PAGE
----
Last year we wrote about covetable outdoor spaces in the city, and now we're focusing in on the ultimate New York City perk: a private pool. To no one's surprise, these are mostly the province of the very, very rich, but the rest of us can still feast our eyes and dream of a pool party in the sky.
Above: Developer Keith Jacobson owns this duplex apartment with a dreamy rooftop lap pool, heated to enable swimming even during the colder months.
Designer Cynthia Rowley worked a lap pool into the backyard of her Manhattan townhouse.
The topmost penthouse in the building at 551 W 21st St will feature this 61-foot infinity pool, with sweeping views of the Hudson River. The 6,200-square-foot residence, which has now sold, had an original asking price of $50 million.
The townhouse at the High Line-adjacent 505 W 19, which features this long and lovely pool, appears to have sold, but it was originally asking $11.75 million. Which is maybe not so much of a bargain if you consider that this pool can probably be seen from the high line, making it not quite so private.
It's a bit of a departure from all these supersleek Manhattan properties, but this natural pool, part of a wildly adventurous Brooklyn backyard, looks just as refreshing.
The 10,000 square foot Grenwich village townhouse that is attached to this pool was originally asking $34 million, but as of right now the price has been dropped to a modest $23.5 million. In any other city the pool itself wouldn't be much to write home about, but you've got to admit that the view is pretty incredible.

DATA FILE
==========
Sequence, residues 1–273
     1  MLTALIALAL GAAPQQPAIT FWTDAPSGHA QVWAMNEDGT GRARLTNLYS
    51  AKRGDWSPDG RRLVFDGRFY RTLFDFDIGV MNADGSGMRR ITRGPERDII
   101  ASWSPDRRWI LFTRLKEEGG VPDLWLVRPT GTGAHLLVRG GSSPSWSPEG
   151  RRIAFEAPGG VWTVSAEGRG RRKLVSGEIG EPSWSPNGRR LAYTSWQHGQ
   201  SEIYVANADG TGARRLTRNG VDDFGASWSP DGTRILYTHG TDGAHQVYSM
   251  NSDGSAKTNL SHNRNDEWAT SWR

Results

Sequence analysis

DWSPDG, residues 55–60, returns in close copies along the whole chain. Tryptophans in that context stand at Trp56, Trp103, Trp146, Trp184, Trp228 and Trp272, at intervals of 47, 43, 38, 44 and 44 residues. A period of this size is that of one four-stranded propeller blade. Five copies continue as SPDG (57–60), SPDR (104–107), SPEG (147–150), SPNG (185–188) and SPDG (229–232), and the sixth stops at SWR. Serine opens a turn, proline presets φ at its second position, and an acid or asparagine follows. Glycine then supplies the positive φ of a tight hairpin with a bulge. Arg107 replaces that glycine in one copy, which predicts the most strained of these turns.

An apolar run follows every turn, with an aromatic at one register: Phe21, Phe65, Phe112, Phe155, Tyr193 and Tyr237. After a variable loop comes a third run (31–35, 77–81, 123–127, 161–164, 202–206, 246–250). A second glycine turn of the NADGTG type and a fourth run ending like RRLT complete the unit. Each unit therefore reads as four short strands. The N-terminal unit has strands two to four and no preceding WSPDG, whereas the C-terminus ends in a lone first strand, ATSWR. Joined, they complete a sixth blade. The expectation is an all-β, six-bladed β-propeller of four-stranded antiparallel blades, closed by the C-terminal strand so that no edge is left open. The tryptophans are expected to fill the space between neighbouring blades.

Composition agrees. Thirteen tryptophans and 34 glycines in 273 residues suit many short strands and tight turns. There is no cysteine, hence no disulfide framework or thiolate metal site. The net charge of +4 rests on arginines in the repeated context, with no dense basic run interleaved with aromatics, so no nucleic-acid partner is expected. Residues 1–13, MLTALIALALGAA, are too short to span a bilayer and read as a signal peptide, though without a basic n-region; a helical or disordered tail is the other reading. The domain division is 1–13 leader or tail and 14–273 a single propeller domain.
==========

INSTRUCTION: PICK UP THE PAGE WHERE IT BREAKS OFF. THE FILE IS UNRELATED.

Then there's this SoHo penthouse, which appears to be still up for grabs, at a (relatively modest (hahaha, cry)) price of $9,750,000. The pool itself might be a bit on the small side, but perhaps the view will make up for it?
For those of us who don't have ten million dollars (which is all of us), there's a (sort of) budget option: the penthouse at the Greenwich hotel. Their TriBeCa penthouse has its own rooftop pool, and is available starting at $15,000 a night. Split it with 29 of your friends, and that's only $500 each — a real bargain.